THE CHANGING SEASONS – AUGUST 2019 – Marilyn Armstrong

The Changing Seasons, August 2019

It’s official. This has been the hottest and wettest summer more than a hundred years. The hottest days and hottest nights. Until it cooled off a week ago — and we went critical on E.E.E. (Eastern Equine Encephalitis) mosquitoes, so now that the weather is decent, we can’t go out anyway.

Not a great summer.

Meanwhile, one side of our house is rotting. It’s the south side. Somehow, during one or more of the storms that we’ve had, water got in under the siding and turned the underpinnings to muck and mold. We have to find a way to fix it. It is unlikely the insurance company will do anything. As the adjuster pointed out, they don’t actually fix anything unless your house burns down.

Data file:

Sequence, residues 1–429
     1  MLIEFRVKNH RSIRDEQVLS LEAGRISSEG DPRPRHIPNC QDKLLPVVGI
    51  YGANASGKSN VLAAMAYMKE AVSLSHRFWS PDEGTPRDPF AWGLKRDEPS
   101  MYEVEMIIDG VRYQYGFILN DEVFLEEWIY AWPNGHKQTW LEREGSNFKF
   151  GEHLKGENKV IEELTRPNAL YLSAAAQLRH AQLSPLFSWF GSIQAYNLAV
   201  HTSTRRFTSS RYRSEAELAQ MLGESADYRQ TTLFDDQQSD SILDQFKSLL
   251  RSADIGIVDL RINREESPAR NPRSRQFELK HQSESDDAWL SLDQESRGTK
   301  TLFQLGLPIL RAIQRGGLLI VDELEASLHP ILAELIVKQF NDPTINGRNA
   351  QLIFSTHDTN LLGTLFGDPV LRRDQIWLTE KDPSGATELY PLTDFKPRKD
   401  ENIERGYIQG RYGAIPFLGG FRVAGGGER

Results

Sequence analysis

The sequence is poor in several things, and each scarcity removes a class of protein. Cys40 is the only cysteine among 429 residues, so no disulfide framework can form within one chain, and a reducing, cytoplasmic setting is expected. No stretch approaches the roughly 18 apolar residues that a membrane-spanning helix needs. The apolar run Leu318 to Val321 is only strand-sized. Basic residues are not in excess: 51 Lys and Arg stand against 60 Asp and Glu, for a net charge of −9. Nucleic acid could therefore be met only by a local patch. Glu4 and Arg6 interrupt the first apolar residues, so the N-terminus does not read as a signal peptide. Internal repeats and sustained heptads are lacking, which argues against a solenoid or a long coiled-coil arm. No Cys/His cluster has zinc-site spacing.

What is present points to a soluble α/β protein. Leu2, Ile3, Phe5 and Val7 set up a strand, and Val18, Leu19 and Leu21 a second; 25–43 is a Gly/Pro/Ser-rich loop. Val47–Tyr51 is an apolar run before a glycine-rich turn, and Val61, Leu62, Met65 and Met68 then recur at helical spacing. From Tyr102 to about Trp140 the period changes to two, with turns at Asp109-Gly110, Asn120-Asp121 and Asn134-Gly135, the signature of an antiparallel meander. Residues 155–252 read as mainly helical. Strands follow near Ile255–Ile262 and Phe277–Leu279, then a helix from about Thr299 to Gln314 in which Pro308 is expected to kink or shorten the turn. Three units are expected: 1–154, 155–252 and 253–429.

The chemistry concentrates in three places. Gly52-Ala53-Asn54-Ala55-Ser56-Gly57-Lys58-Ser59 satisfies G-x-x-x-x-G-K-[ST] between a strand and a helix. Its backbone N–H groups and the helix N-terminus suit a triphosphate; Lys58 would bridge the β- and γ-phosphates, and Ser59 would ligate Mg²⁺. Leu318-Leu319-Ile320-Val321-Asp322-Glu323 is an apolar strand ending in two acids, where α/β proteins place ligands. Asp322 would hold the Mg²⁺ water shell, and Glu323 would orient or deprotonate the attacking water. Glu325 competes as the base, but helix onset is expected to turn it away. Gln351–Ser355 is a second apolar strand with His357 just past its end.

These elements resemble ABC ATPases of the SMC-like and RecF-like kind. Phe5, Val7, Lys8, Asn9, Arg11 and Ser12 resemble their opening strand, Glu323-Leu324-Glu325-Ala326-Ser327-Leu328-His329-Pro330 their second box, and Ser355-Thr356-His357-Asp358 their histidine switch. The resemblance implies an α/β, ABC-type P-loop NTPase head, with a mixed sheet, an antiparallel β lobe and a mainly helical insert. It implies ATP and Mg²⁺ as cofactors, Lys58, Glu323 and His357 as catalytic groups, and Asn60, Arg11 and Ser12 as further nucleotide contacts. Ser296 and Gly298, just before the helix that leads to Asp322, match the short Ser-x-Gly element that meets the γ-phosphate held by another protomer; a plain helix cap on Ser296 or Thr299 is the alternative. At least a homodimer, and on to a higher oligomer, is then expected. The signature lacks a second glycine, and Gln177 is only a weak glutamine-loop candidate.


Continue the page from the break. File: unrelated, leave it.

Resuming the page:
They don’t do it for you. It’s to protect your mortgage holder.

So, we haven’t been outside much. We did take some pictures, but mostly, we have stayed inside. My current entire mentality is trying to figure out how to come up with a few thousand dollars to fix the wall. It’s ironic, really. I was just reading about somebody who spent more than a million dollars to redesign his garden and I was thinking “There really isn’t any justice, is there.” I commented to the adjuster we would be better off burning the place down.

He agreed.

Photos are by Garry and Marilyn Armstrong.

When we were young, we took each other in if someone got into trouble. We just did it. Of course, we had parents who could help us if we really got desperate. Now, we are the parents. Hell, we’re the grandparents.

There’s nowhere to go. Our kids don’t have houses, our parents have passed on. C’est la vie, eh?

About The Changing Seasons